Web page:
The woman who these days often drives the 4:44 p.m. bus, she doesn’t like that route, because there’s a 25-minute layover at the “Paradise Transit Center”—which, now, is just a sheltered bench, looking across at the nothingness of the burned rubbled scraped away to red dirt girl of Frank’s, the once and gone heat and air building, the building where, in a previous incarnation, granola was invented; all the trees round the shelter felled, because, though they came through fine the fire, they were within PG&E’s new after-the-fire close-the-barn-door-after-the fire-got-out 16-foot setback from the power lines; so, down they went—and there’s nothing there for her to do. Except. Just. Sit.
I commiserate, regularly, with her. I try, regularly, to commiserate with: everybody. Because: that's: what: I'm supposed: to do. I mean: What? Else? Are? We? Here? To? Supposed? To? Do?
So I try to come up with things for her to do. Like, recently, a deli opened up, not far from the bus shelter. Though the deli can’t serve hot food. Because of burned septic issues. And, just today, a Birkenstock’s place, next door to the deli, it reopened! New space. For the Birkenstock's people. 'Cause old place. Burned down. So, anyway, for the first time, since the fire, there’s a place in town, now, to buy shoes. So now, I tell the bus woman, when you’re parked there, you can get a sandwich. True: cold. But also maybe some shoes!
The bus woman has said she has two more months on this line, until she gets the chance to bid for a different route. And, as I’m shopping there in the Save Mart, in the little 25-minute window that she hates, but that is convenient for me, because in it I can briskly buy animal food, and also food for me, though I don’t give the slightest goddam goddam for food—fire burns food—but I get fucking sick, of the empty stomach, fucking screaming at me; pour some shit in there, to shut the goddam useless fucking burning bugger up; and I think: that means she’ll be up here into the Christmas season. So, mordantly, in the dark humor, I figure I can remind her that, during her little break, she could on her break have gone Christmas shopping, if only she were back in the day, when Paradise, it actually had, and thereabouts, stores.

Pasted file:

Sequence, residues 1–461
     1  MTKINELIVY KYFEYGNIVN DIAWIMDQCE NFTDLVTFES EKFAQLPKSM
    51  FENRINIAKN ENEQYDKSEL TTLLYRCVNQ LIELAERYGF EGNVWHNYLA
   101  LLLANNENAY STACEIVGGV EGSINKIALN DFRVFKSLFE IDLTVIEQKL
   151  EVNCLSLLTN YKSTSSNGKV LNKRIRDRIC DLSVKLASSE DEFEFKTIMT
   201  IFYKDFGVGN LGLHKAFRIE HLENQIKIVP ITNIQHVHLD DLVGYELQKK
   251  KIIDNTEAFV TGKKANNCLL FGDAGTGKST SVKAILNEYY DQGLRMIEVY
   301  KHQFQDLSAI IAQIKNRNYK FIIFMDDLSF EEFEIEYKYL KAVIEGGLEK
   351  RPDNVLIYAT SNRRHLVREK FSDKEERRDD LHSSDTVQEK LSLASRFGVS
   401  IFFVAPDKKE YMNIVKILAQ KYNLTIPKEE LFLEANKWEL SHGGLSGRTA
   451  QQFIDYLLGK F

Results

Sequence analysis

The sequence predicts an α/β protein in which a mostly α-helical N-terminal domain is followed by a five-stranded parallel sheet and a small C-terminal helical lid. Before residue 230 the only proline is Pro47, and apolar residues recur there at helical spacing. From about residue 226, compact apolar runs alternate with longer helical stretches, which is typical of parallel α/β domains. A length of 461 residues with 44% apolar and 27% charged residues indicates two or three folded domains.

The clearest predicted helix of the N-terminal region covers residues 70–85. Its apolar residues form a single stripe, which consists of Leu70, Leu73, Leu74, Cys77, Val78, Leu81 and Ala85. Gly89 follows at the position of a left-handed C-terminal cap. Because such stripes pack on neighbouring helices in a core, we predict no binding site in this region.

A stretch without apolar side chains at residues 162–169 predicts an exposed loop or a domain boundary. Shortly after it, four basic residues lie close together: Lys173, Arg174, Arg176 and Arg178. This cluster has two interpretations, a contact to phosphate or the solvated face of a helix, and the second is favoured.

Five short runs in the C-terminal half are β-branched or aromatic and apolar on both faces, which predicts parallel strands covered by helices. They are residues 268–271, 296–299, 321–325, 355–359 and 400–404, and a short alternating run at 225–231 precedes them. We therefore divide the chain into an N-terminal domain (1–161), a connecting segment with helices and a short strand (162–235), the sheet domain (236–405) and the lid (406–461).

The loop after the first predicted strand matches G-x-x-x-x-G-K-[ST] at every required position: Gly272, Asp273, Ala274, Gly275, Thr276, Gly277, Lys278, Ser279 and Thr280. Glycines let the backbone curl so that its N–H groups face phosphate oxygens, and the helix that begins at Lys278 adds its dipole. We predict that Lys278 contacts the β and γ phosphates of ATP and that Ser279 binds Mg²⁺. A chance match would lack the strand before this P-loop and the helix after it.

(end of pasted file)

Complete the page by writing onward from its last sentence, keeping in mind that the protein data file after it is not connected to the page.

And then, as I’m wheeling my cart out to the bus stop, I am crying. Because I feel them, recall them, all of them, all those stores, and, all: vividly. Those stores round about me about which I’d planned to joke with her. Once Real. Now: just: gone. Ted, his quirky used bookstore. That also ships packages via UPS. Also; guitar strings. The magical endless thrift store, that had more women’s clothes, than it even seemed possible could be. The plucky little vintage antique place. Open just a couple months. Before the burning. Just: erased: it. The cute cocked charming little market, that besides the usual food and beers, had deeply random weirdities from China, ranging from faux-tropical night lights, to thin bizarro stiff sticks to help you, when you get old, put on your shoes. The pawn shop, with the usual paranoid fixation, on gold.
Know what gold does? IT BURNS.
And I think: you are such a weak sperm. Why, every goddam day, unto almost a year on now, do you have to fucking cry?